Having strategies to either head off explosive outbursts or stay in control when anger grows is necessary. Here are some ways to help tame that temper.
#1 Identify and act on the warning signs
Recognize the early feelings of irritability, agitation and annoyance before they develop into full-blown anger or aggression. Try and discover why you’re having these feelings by asking yourself: am I upset about something? If so, what is it and why? Did I get enough sleep? Did I take my medication? Am I depressed? This self-awareness can be key to intercepting potential trouble.
#2 Redirect your thoughts
Anger is full of energy and naturally increases your adrenaline, and with that comes a strong urge to act immediately! Redirecting your thoughts takes practice. The old strategy of counting to 10 has endured because it works. For others, singing the words or melody to an inspirational, soothing or funny song does wonders to avert an episode. The trick is to have this go-to refrain at the ready!
#3 Find a positive outlet for your feelings
Some have found that when things escalate, taking a pen to paper (or fingers to a keyboard) to journal these emotions helps. Others find relief by getting out in nature or dancing to favorite music. Physical exercise stimulates feel-good endorphins. Studies prove that when you exercise your brain releases a protein called BDNF, which influences vital functions like staving off accelerated aging, depression and even Alzheimer’s.
#4 Recognize when you are predisposed to becoming angry
When you are feeling irritable and annoyed, this is not the best time to pursue a discussion on a sensitive matter. Often there is no “best time” to discuss such serious topics; however, it helps if you can identify a time during the week when you are at your best to tackle potentially upsetting issues. Sometimes keeping a journal to record your feelings and what you’re doing at the time will help to look for common themes.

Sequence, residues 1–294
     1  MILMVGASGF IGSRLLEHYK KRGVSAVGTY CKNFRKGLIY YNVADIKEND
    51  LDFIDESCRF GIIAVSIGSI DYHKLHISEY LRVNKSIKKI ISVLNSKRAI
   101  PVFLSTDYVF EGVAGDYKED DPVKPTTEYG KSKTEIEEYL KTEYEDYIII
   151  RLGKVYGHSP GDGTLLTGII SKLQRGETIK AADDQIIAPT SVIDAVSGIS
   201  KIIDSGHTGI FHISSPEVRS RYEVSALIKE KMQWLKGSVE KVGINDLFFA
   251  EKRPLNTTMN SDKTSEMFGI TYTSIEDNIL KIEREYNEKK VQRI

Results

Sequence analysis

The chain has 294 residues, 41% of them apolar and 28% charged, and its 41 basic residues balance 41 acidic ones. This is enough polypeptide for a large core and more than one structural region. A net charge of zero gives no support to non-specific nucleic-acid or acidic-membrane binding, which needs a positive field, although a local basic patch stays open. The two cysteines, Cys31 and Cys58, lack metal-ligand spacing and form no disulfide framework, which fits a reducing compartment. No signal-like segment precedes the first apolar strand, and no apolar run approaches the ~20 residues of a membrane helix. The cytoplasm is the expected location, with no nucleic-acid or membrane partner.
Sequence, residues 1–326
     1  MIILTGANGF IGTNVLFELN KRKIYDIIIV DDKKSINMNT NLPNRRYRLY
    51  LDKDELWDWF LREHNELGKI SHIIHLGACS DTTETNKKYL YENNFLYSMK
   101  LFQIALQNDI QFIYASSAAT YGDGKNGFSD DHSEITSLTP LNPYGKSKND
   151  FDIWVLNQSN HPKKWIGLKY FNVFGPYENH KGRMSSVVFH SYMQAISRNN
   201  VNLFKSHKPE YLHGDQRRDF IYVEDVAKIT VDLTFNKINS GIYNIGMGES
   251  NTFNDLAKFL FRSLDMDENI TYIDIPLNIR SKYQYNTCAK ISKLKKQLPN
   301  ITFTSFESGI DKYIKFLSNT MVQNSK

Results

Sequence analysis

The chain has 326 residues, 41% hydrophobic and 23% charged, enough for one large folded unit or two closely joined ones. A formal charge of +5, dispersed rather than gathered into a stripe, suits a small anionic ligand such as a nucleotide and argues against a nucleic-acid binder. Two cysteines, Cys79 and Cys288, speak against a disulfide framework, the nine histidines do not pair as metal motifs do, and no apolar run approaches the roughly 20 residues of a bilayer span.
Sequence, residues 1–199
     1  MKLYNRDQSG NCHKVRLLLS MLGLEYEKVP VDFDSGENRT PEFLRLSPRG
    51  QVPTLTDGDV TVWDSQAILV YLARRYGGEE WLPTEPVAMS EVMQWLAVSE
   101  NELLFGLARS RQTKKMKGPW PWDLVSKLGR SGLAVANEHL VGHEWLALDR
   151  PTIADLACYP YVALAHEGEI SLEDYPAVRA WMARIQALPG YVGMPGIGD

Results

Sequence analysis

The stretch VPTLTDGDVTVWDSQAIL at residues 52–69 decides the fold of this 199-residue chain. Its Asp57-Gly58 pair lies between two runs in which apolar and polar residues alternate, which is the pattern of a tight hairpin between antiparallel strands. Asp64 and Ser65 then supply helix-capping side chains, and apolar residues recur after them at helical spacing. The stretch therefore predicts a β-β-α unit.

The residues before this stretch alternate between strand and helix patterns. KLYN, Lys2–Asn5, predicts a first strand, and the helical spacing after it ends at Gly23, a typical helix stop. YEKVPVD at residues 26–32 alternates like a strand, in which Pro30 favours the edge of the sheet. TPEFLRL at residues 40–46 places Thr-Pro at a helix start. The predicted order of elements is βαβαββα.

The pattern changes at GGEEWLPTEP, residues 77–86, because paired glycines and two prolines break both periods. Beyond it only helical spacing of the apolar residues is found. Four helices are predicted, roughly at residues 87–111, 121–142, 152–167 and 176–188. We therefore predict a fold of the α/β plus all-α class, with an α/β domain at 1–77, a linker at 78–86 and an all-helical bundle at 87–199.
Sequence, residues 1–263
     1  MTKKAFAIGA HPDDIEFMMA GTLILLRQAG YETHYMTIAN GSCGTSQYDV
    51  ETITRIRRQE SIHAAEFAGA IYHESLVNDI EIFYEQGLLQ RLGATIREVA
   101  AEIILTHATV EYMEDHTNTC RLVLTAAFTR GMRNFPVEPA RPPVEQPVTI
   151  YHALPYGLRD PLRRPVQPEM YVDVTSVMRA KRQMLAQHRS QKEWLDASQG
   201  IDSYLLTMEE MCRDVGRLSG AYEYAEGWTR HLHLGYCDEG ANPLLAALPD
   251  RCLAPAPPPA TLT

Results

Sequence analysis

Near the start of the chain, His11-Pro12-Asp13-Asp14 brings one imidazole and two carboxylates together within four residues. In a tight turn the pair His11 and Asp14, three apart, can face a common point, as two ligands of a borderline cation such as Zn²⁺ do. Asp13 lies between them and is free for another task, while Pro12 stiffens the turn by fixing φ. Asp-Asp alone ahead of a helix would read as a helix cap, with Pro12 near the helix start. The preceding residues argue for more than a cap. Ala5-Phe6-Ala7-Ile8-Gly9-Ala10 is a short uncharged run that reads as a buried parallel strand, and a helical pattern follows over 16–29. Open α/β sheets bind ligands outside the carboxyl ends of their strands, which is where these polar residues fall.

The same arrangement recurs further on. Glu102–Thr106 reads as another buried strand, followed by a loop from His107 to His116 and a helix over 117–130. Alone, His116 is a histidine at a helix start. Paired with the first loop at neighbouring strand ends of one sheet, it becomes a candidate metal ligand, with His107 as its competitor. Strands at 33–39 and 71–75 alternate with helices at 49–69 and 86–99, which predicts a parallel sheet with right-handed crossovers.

#5 Ask family members to participate in helping to manage your anger
Bring family members to your next therapy session and work together to identify collective anger management strategies for these bipolar symptoms. By planning ahead, those closest to you will be able to recognize triggers, and help you cope with potentially volatile situations. The key to any management strategy is to agree on a plan in advance.
#6 Talk with your doctor
There may be medication strategies that can help manage bipolar symptoms that also decrease the intensity and frequency of anger explosions. Cognitive behavioral therapy can help you learn and deal with the triggers for angry explosions. It’s also key to remember that sleep is a significant early marker of a shifting mood and can set in motion feelings of irritability.
#7 Consider your health
Studies show that rage can have very serious effects on your health. Anger triggers the release of the stress hormones cortisol and adrenaline because our bodies go into a fight or flight response. Over time, elevated levels of stress hormones affect all our body systems, from our immune system to an increased risk for heart disease.
via bpHope – bp Magazine Community